I am steaming uphill towards my 50th birthday.
I see it as either a half-way stage, considering my grandmother's 104 years and my great aunt's 97 - or near my ending, if looked at through the glass half empty eyes of someone who has lost 3 close relations all aged 58.
Those three early demised, all went to the great 'beyond' - that is the suprise behind the door of death - over a relatively short period of time. The race for the finish line in each case was attended by various illness which, I suppose helped to provide some reason for it all. Naturally though, it got me thinking - pondering and reflecting.
I was 32 when the first one went...and that's when I unwittingly fell into the funeral business. I think a Coroners case with 2 inquests and a 28 day wait for release of one's mother is a very sobering entrance into a profession...I French Polished her coffin - and that was it. I like to think that she would be secretly proud to have started the ball rolling!
When the very last of my relatives died - this time in her 80s, I had thought and pondered enough to do 99% of her funeral myself. The 1% was only a quirk of geography. I lived miles away from her nursing home, so when she died, I asked the nearest 'man in a suit' to collect her and see to the Dr's paperwork. I told him that the coffin would arrive the next day, that I wanted to hire a hearse & bearers and that I was going to conduct the funeral.
My partner's mother had just arrived from the Antipodes for a holiday so we decided to hold the funeral after she left - so that we could concentrate on both significant incidents to the full and it also gave me a few days to chat to folk and write the service.
So, when the Dr's papers had been done and the death registered by a friend who was there at the time of death, I got the 'call' and set out in my little van - up the motorway.....
It broke down, just outside Bristol . I think the RAC switchboard lady was a little taken aback when I calmly said I was going further north "...to embalm my 'auntie'!"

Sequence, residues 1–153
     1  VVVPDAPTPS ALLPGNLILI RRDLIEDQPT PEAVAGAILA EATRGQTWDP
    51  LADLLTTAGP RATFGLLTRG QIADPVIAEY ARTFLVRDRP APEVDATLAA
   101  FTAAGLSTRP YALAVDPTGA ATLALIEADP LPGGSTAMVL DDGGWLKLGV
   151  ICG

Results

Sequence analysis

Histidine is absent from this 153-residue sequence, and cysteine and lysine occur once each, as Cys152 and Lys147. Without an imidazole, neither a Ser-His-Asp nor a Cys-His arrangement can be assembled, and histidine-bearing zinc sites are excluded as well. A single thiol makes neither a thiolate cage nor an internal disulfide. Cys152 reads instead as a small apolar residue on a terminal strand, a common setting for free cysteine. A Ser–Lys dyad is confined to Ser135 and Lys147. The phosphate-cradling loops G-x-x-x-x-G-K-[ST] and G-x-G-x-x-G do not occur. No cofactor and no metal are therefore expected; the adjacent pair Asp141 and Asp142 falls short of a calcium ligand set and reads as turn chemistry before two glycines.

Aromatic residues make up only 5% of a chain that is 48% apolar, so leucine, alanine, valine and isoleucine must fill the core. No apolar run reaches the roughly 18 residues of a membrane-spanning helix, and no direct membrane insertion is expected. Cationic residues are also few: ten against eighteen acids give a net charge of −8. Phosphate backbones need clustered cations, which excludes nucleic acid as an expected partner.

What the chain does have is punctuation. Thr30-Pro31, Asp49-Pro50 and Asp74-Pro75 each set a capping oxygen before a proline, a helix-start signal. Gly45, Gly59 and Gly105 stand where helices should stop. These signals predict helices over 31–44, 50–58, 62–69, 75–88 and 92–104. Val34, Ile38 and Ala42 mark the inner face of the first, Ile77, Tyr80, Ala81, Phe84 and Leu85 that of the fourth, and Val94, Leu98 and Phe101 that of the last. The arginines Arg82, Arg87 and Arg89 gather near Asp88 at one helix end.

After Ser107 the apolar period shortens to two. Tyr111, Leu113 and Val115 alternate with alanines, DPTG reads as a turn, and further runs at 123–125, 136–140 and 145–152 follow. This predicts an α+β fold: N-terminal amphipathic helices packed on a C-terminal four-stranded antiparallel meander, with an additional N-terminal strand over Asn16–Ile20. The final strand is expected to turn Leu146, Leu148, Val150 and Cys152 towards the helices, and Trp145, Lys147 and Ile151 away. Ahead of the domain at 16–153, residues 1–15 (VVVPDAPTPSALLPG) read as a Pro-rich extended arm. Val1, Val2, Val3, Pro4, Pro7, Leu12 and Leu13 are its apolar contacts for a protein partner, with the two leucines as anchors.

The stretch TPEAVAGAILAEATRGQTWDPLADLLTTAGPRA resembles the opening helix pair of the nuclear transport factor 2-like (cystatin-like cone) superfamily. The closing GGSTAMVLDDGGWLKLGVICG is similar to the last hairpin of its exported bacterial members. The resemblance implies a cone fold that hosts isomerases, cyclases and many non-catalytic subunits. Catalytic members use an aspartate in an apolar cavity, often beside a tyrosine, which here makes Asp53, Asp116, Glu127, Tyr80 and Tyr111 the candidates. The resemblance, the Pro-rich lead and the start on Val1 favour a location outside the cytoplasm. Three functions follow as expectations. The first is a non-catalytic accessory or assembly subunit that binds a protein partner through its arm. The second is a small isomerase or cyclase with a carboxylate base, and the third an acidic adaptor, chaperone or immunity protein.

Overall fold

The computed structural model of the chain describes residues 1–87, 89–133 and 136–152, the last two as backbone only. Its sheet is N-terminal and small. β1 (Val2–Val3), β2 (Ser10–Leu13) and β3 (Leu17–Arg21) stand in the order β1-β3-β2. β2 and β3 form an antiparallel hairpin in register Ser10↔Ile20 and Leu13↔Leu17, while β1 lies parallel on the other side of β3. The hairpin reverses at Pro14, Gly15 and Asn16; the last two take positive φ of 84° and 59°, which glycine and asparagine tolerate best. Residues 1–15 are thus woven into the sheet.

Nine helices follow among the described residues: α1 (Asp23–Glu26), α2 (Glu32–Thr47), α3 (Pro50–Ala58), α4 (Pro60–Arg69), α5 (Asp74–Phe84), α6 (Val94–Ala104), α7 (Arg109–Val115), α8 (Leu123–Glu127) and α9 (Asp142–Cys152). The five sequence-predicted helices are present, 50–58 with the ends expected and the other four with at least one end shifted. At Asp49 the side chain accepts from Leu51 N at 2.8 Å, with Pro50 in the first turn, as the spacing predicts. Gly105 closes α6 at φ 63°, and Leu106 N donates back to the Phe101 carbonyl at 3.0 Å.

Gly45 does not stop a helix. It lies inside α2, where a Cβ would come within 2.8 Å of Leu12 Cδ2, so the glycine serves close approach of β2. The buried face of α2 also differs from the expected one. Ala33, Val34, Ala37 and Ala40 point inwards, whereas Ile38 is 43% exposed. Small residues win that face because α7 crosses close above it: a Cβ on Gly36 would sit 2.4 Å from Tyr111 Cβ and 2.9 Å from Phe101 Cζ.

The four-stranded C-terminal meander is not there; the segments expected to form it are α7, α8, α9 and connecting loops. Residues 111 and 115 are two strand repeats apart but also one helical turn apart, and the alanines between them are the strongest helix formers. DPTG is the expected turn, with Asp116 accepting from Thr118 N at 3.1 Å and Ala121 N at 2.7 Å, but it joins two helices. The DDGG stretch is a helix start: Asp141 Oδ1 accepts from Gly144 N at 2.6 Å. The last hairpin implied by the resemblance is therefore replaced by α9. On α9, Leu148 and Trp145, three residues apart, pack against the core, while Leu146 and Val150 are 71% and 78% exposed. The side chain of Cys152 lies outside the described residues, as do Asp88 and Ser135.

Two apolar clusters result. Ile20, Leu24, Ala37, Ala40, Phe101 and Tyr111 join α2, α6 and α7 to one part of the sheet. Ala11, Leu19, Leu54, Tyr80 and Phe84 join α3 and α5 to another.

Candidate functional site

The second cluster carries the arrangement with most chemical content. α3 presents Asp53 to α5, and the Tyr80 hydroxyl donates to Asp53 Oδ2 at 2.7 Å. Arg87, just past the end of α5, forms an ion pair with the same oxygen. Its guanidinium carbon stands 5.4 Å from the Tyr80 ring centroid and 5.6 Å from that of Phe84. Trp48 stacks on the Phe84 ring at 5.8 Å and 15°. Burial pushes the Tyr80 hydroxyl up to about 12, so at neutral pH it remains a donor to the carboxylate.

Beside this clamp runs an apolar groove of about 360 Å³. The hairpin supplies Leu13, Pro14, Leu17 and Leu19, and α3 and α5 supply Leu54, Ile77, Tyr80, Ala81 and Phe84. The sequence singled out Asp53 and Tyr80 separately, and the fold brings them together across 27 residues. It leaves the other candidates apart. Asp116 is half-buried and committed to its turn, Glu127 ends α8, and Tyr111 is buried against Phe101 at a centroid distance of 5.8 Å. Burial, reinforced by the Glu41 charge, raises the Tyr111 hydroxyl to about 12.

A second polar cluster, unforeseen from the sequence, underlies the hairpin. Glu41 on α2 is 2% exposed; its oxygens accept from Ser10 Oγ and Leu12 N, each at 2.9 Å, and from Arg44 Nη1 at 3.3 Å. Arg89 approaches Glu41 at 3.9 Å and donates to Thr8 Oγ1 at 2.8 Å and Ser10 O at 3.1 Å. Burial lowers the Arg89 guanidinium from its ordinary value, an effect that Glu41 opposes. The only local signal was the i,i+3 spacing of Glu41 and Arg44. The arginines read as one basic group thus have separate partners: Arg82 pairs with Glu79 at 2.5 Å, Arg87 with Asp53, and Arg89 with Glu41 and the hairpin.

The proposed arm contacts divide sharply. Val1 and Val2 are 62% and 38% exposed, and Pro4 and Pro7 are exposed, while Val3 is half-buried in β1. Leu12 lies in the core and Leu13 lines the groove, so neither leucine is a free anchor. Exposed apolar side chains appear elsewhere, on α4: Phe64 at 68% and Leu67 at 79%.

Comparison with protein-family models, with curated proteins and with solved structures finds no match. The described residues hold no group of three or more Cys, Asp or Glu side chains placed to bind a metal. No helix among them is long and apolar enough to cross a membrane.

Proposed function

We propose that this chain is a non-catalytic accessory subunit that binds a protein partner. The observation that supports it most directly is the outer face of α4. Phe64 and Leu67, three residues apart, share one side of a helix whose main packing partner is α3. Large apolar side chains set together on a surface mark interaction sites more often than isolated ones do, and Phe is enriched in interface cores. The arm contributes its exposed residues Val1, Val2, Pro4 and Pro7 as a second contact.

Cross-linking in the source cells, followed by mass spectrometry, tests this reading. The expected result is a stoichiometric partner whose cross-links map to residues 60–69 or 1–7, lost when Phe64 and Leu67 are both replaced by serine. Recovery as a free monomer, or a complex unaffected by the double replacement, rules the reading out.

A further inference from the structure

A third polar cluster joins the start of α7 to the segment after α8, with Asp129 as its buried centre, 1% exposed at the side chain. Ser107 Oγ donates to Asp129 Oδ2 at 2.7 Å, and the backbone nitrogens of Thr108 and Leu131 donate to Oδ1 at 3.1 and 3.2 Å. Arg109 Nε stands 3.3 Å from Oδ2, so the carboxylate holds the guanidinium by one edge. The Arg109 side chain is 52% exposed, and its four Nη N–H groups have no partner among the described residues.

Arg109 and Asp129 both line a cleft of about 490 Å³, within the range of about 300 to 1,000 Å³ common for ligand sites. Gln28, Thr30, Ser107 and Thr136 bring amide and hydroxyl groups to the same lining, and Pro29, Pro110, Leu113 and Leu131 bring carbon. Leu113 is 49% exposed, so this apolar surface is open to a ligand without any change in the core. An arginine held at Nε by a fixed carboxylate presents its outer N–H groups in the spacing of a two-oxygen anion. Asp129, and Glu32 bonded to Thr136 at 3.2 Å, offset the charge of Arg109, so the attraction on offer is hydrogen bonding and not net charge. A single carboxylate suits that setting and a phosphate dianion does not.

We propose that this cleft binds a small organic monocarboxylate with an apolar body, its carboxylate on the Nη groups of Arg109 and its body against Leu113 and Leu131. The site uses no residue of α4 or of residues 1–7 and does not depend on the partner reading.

So - if you are a critic of embalming, I put my hand up to say that I have embalmed 3 members of my close family, quite a number of people I counted as good friends and even more folk who I recognised as aquaintances. What's more, in many cases, I know that my work made a difference - because unlike some other embalmers who are closited in the mortuary, I met many of the people who were left behind.
I am very passionate about my work - those who know me, know that I can be ferocious if I feel that corners are being cut or people aren't being treated correctly. I care because I recognise that what we are able to do as embalmers, is 'beyond' the remit of everyday life. Anyone can look on the internet and find things out about embalming - even see film clips, but nothing can really describe what it is like to stand there and make the first incision.
So, to those funeral directors who are 'fridge-magnates', who declare that there is more skill in keeping a body in cold storage to embalming, I say that in my experience and humble opinion - I beg to differ.
Moreover, when I do get to go through the doors of death myself, I want to spend as little time behind the door of a fridge as possible. Get me embalmed (I can tell you who I want to do it...) and put me at home in my living room - in the warm for at least a week!
I recognise skill...and when the time comes - will be happy to pay my last tribute to it.